Learn with us online while the Exploratorium is temporarily closed. You can help us reopen—donate today.
Try this collection of prompts for tinkering at home.
Learning Toolbox: Engage in activities about the science of coronavirus and explore our online resources for learning at home.
Science of Water: Food Explore water's crucial role in food and cooking.
Browse our growing online collection of hands-on exhibits.
Global Climate Change Explorer • Discover how researchers study climate change and examine the latest scientific data.
Low-cost, teacher-tested activities for the classroom and the curious.
Wired Pier Environmental Field Station • Explore weather, air quality, and water conditions from San Francisco Bay
Dive into websites, activities, apps, and more.
Everyone seems to love the sound of their own voice in the shower. That's because a simple shower stall produces some complex sound-altering effects.
Interact with the Cafe Wall Illusion.
Can your eyes fool your nose? Find out with this experiment.
Your guide to the Northern and Southern Lights (also in 'Observatory')
Our bodies contain 30 trillion microbes, a microbiome that seems essential for our well-being.
Check out efforts to restore California’s native steelhead and salmon.
Use dominoes to model a nerve cell's transmission of a signal
Learn about bike gears using thread spools and a rubber band.
See living stem cells and find out why they are the "stem" from which all other cells develop.
There's more to polar ice than just frozen water. Learn about the many varieties of ice found at the poles and how and where they form.
Explore the mythological significance of frogs in cultures around the world.
Think you have a lot in common with a kiwi fruit? Genetically speaking, you do.
The Turbulent Orb flows like the surface of Jupiter.
Touch supercooled water drops with an ice crystal and trigger them to freeze instantly.
Sit down for compost tea with a visionary cultivator.
Listen in on the mind behind cellist Okkyung Lee's kinetic style.
Why is the bicycle the most efficient way to travel? Explore bicycle science and culture.
Explore an interactive map.
How do saltwater and freshwater in San Francisco Bay affect local ecosystems?
The Maya were expert sky-watchers, careful observers of the motions of the celestial bodies...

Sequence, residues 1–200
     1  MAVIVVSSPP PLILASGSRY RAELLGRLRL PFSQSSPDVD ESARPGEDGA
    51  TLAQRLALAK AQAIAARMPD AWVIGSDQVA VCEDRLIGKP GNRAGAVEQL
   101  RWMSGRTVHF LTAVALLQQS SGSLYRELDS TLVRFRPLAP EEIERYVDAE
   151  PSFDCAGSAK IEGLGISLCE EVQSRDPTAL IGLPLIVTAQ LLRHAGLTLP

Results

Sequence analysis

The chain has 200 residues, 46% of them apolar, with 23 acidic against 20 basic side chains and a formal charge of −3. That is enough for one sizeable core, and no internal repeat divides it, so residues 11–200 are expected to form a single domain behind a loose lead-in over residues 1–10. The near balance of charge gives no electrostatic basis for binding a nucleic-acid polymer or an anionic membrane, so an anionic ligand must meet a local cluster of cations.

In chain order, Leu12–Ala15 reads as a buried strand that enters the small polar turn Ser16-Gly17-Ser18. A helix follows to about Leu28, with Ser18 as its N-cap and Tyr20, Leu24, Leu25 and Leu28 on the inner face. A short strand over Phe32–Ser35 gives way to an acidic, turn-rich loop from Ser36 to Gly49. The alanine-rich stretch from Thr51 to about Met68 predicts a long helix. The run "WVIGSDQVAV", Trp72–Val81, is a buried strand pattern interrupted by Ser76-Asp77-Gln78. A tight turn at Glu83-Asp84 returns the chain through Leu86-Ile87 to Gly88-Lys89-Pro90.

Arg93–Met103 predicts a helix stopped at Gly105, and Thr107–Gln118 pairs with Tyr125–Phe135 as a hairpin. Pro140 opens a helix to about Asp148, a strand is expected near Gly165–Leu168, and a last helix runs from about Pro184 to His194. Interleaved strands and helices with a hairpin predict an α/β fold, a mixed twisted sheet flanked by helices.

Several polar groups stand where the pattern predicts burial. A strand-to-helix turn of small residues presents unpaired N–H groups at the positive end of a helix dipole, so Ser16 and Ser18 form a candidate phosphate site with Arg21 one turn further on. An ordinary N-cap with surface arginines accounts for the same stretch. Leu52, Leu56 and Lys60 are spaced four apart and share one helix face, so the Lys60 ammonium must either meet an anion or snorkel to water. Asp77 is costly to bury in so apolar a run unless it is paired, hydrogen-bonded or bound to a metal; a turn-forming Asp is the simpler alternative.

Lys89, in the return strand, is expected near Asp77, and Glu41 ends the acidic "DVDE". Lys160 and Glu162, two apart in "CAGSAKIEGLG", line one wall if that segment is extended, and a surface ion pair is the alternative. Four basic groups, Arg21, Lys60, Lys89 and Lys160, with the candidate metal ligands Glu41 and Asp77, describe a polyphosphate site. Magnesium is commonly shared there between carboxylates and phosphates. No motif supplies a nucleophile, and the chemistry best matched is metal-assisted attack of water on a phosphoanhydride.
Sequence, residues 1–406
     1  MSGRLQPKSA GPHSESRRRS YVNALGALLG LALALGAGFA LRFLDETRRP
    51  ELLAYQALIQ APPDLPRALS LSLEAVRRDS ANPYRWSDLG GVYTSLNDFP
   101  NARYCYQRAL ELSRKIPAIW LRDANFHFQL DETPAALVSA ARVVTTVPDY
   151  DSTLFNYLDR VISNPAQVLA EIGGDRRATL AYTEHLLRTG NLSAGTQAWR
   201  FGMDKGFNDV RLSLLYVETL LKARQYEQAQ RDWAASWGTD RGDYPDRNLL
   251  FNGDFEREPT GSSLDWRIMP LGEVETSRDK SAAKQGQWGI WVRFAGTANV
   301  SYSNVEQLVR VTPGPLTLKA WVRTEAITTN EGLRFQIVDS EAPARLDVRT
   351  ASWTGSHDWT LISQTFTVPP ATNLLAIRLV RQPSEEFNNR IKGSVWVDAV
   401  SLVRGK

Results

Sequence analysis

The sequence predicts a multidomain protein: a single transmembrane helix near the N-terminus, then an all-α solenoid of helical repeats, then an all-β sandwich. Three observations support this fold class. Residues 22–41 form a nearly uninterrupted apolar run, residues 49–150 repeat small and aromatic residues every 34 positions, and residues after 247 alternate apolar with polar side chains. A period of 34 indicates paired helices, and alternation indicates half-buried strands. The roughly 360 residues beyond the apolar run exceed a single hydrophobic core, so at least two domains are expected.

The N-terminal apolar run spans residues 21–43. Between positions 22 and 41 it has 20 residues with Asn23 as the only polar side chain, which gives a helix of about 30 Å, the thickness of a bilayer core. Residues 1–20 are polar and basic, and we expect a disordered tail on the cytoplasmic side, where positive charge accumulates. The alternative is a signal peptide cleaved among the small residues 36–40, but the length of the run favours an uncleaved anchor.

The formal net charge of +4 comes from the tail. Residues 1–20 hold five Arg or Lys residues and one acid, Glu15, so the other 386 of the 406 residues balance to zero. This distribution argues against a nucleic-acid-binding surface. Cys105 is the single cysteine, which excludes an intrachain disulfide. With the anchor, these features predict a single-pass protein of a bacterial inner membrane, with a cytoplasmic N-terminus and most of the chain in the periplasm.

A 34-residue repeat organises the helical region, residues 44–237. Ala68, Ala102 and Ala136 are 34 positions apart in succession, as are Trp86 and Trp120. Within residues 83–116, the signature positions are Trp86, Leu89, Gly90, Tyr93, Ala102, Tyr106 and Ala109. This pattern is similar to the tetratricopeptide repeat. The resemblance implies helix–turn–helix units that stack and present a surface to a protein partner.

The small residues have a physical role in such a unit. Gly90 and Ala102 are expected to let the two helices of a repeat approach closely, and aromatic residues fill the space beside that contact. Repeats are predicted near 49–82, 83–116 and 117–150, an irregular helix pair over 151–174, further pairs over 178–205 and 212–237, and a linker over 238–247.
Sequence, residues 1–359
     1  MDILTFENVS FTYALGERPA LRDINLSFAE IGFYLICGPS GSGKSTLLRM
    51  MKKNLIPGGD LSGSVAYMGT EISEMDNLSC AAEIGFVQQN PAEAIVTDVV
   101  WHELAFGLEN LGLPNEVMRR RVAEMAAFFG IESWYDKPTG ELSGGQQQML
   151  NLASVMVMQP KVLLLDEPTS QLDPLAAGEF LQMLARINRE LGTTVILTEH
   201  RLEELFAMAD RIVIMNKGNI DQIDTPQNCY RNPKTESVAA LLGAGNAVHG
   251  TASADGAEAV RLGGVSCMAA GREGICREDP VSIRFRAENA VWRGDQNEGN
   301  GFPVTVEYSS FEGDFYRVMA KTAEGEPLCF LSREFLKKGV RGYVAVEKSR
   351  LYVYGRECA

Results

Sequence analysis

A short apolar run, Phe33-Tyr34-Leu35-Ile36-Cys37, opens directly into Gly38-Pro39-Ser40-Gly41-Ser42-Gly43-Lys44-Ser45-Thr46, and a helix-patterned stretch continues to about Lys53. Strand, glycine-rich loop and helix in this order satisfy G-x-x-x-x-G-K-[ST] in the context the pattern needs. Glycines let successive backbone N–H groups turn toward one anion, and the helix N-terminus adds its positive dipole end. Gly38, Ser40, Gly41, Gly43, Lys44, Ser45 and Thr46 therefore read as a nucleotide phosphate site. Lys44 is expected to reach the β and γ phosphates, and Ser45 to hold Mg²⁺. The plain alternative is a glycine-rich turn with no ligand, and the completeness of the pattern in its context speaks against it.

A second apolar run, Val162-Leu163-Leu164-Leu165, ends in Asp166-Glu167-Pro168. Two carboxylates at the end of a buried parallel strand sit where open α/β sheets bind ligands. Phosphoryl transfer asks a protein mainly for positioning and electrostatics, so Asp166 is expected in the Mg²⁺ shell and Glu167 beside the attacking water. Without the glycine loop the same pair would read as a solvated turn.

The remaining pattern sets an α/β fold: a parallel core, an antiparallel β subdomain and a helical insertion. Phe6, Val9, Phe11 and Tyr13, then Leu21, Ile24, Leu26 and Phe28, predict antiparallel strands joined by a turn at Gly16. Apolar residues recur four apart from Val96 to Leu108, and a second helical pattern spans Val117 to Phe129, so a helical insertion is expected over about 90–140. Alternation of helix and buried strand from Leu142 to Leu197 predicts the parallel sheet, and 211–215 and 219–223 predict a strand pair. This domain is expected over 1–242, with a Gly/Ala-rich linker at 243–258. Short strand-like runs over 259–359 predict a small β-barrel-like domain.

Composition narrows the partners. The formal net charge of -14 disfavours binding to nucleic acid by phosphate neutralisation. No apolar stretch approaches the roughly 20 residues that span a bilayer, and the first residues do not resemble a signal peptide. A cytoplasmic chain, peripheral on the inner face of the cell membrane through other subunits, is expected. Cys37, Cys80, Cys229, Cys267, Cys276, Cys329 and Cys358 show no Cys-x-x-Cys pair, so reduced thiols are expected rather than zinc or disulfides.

Visit the beating heart of the Exploratorium—our shop.
This new version of an old game will bend your brain.
Take an impressionistic journey through the Exploratorium's Life Sciences area.
Listen to internationally recognized authorities on human thought and behavior, including Temple Grandin and Paul Ekman.
Here are some activities that test your memory – and some things you can try to help you remember things better.
See links relevant to the themes presented in the Traits of Life exhibition.
Get your antennae ready for what's on the airwaves.
Polarized light passing through sugar, water "rotates" to reveal beautiful colors.
Stand in the intersection of the traditional and the avant-garde.
by Eileen Campbell • July 16, 2017
Watch the moon pass through its phases as we count down to the total solar eclipse. Tonight: a quarter moon.
An additive mixture of light makes for some colorful fun.
See why these beautiful flowers have attracted generations of admirers.
Track down elusive boron and its place in the periodic table.
A brief introduction to the land of the midnight sun.
See a map of recent earthquakes in the United States, and learn why earthquakes happen so frequently on the West Coast.
Discover the secret colors hidden in black ink. With a paper towel, a black marker, and a cup of water, create a rainbow of colors while exploring capillary action and chromatography.
Your thumb and index finger can help you test a steak's degree of doneness.
Get down and dirty with the surprising science of soil.
By looking at satellite and climate data that's available on the Web, surfers can follow storms into shore and be there in time to catch the biggest waves.
They're a menace to ships, but life thrives in these frozen oases.
A model for heart development
by Paul Doherty • March 4, 2016
How can an event end the day before it begins?
Activities and workshops for playful invention, investigation, and collaboration
Get to know essential, explosive sodium.
Investigate actual images of the Martian surface taken by the rovers Spirit and Opportunity.
There are about 500 dispatches from scientists working in the Arctic and Antarctica, along with original videos, photos, webcasts, and articles.
Dive into compositions exploring ancient forms from Middle Eastern cultures.
Explore the rhythm of "Child's Play" with composer Jason Bolte.
Pier 15 (Embarcadero at Green Street)San Francisco, CA 94111(415) 528-4444
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